It’s dangerous work to change a beloved doughnut.
Orvin Bontrager knew that, but what he’s been doing with a group of others at Rise ’N Roll Bakery the last seven months is to keep the doughnut from changing too much.
They didn’t really have a choice. To keep up production as the business continues growing, they went from cutting the doughnut dough to extruding it — having a machine push out the dough into the classic round shape with a hole in the middle.
“Extruding a doughnut is a totally different ballgame,” he said.
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The new machine went into use in November and since then, as they produced and sold thousands of the sweet treasures, they worked behind the scenes to make it all work.
1065 N 1150 West, Middlebury
A few customers noticed the difference. I was one them and called Bontrager a while back. He said they were working on it. I didn’t want to incite a riot, so I stood down. After years of talking to him and eating his products, I trusted him. But I was wary.
These are my favorite doughnut. Some call them “Amish crack.” I prefer to call the cashew nut crunch “Amish crack” and refer to these as “the world’s best doughnuts.”
Over the years, I’ve learned their life cycle, how to freeze them and how to revive them in the microwave.
It was a couple months ago when I bought the cinnamon caramel doughnuts and noticed they weren’t the same. It didn’t have the same feel in the mouth. For the first time ever, a box sat on our counter and went unfinished.
First of all, they were perfectly round. Since the doughnuts originated out of Rise & Roll at its previous location in 2002 or 2003, they were hexagons flat on the top and bottom. It’s a subtle difference, but a difference nonetheless.
What makes these doughnuts so good? They’re a yeast-raised, fried doughnut that’s still moist. The caramel icing hidden underneath cinnamon powdered sugar is glorious.
The powder makes it a challenge to eat them neatly, though I believe I’ve perfected the method of devouring one without getting powder all over me. It involves grasping the doughnut between the thumb and forefinger, leaning forward and not wasting bites. On more than one occasion I did it while driving in the first mile after leaving the bakery.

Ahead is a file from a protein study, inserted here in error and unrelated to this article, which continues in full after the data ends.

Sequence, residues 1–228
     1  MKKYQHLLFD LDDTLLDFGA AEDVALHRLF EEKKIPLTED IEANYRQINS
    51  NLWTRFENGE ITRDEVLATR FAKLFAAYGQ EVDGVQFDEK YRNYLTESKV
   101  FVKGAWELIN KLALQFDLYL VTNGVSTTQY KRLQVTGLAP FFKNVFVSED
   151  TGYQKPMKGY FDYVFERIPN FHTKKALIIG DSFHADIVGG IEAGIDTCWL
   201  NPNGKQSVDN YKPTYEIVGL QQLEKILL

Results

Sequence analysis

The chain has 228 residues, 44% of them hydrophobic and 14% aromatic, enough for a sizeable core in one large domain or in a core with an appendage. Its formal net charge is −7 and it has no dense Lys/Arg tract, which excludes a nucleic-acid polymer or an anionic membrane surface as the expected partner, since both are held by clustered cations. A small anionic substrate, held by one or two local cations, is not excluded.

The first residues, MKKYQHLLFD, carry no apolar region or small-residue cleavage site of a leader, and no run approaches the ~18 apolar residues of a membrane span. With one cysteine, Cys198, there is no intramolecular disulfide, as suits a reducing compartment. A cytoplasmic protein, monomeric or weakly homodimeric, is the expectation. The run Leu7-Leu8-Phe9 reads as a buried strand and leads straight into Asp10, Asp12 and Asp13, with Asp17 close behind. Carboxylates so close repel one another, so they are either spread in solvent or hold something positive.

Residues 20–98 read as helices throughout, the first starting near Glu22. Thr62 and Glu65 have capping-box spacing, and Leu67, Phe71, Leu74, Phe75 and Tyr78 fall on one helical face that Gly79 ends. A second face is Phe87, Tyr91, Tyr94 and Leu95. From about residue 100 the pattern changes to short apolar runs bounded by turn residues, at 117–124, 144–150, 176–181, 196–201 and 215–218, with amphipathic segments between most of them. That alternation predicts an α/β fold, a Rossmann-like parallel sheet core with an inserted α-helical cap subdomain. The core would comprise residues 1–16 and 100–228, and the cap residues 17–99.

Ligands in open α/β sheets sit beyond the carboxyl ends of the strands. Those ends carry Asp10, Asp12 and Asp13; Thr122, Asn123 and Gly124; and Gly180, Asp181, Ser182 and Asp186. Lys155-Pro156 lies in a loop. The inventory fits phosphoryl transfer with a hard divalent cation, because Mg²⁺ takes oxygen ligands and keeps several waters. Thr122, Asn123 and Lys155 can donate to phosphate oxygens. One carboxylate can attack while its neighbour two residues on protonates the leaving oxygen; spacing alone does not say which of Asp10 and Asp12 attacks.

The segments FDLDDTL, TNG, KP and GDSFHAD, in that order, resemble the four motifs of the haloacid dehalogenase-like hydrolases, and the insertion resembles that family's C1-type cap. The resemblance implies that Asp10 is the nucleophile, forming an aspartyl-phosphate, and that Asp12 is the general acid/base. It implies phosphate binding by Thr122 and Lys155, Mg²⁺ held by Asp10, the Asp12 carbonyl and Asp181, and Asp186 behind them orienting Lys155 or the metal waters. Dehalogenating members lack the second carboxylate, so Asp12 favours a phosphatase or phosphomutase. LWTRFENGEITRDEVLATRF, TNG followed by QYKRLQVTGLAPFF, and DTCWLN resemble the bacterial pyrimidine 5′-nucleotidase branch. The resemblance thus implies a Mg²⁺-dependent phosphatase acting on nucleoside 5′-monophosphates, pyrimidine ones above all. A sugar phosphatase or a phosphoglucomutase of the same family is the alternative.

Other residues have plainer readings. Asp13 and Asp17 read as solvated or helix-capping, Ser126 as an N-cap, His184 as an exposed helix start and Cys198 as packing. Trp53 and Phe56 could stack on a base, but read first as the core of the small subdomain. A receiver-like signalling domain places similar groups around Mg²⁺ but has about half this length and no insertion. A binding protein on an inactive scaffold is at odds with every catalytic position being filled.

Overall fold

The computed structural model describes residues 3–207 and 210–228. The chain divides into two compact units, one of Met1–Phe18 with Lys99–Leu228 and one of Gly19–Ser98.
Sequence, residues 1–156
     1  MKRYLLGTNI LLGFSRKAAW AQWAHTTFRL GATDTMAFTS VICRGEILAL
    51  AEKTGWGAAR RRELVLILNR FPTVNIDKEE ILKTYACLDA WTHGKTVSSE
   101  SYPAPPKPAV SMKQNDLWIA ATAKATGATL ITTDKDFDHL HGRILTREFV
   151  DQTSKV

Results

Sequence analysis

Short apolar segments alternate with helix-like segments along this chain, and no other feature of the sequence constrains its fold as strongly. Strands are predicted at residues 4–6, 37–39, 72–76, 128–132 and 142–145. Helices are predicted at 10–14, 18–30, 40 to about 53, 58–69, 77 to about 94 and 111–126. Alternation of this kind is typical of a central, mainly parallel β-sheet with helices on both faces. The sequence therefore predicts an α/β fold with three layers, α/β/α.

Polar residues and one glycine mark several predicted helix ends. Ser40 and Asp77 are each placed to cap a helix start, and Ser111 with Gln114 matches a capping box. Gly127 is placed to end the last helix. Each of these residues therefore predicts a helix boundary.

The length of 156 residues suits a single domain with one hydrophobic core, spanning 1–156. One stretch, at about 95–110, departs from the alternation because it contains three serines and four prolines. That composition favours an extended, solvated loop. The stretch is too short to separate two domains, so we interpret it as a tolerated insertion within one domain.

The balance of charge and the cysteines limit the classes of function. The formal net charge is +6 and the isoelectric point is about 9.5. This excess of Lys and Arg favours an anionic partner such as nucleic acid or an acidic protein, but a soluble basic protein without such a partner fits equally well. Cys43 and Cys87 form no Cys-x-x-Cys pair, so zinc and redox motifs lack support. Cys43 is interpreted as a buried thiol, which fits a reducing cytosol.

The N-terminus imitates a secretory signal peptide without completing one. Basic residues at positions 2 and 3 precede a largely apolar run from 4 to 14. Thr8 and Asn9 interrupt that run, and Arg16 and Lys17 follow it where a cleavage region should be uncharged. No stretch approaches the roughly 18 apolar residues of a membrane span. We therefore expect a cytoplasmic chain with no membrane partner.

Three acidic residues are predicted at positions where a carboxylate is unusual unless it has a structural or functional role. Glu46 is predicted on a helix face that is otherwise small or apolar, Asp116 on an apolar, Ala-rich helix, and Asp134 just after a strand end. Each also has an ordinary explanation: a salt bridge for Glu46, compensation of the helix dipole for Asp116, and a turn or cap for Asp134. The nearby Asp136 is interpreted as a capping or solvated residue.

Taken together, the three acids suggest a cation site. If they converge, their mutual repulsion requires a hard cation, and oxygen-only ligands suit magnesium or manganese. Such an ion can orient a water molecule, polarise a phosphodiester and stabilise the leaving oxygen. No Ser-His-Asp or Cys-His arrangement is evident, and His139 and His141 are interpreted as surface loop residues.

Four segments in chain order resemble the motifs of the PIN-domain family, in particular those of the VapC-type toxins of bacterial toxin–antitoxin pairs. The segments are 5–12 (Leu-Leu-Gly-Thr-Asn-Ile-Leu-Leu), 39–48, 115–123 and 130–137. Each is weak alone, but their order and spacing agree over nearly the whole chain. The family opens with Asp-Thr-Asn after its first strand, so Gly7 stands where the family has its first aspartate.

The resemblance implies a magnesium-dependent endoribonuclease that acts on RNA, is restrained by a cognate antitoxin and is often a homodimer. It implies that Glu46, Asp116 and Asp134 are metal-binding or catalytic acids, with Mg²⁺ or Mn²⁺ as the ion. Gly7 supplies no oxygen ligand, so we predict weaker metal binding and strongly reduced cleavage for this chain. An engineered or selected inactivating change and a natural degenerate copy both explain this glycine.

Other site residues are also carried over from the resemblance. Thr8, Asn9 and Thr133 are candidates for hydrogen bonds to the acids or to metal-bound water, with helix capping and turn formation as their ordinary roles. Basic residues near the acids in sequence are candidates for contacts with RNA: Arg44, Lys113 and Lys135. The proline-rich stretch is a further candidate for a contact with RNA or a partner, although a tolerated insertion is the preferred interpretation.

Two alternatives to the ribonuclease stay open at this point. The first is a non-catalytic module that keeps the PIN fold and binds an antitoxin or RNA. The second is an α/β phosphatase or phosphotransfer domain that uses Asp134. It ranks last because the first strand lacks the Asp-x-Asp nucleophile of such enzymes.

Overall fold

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A few years back, Bontrager, who founded the bakery with his wife Viola and then sold it, called to say that as operations manager, he was working on a locally sourced or organic doughnut or one that could be sold at Whole Foods.
I told him that trying to come up with an organic doughnut is somewhat pointless. If you’re eating a doughnut, that’s not the first thing on your mind.
Fast forward to last fall. When the new machine came, shortly after a new addition was completed, Bontrager had to figure out how to get it to make the doughnuts the way customers knew them.
The dough is a conglomeration of ingredients. The process is food science. The result is a delicious $8.99 a dozen.
The temperature of the dough, the proofer in which it sits and the icing are all factors. It was trial and error, with records being kept of every batch. “There’s so many different angles to this,” he said. They did blind tastings and had meetings to get this right.
The doughnut I had a few months ago was drier than previous ones. Along the way, it has become more moist. Customers of the new franchise store in Fort Wayne got accustomed to a wetter doughnut and that became an issue, he said.
When Bontrager invited me come try the doughnuts last week, I found one that’s as close to the past as a round doughnut can be.
“You want enough chew there to when you’re eating something and it doesn’t quite dissipate like a Krispy Kreme,” Bontrager said.
That chew is back. The icing and powder are a tiny bit different, mostly because the top of the doughnut isn’t flat anymore. It has the same amount of icing, but is spread differently, Bontrager said. I doubt it has the same amount of powder, but there were times there was perhaps too much.
The doughnuts bear a day or two of age as well or better than those of old. More experimentation on that front is necessary, however. The challenge is keeping them around long enough.
Rise ’N Roll has become one of the area’s most successful food businesses because of the quality of its products and customer service. An average 700 to 800 paying customers visit the Middlebury location daily, Bontrager said.
It’s grown from a two-person shop alongside the Bontrager’s house to a small factory with a showroom that can accommodate buses. Three franchise locations sell the products and Tom Hart takes more to temporary markets in Chicago office buildings. Hospitals auxiliaries are selling the doughnuts as fundraisers.
The three couples who own the business have a big hit. They know that.
I’m just glad the doughnut’s back to what it was. You can have progress. I just want this food to be what I’ve grown to love and something that continues to elicit cries of joy when you bring a box into the room.
I’m hungry. Let’s eat.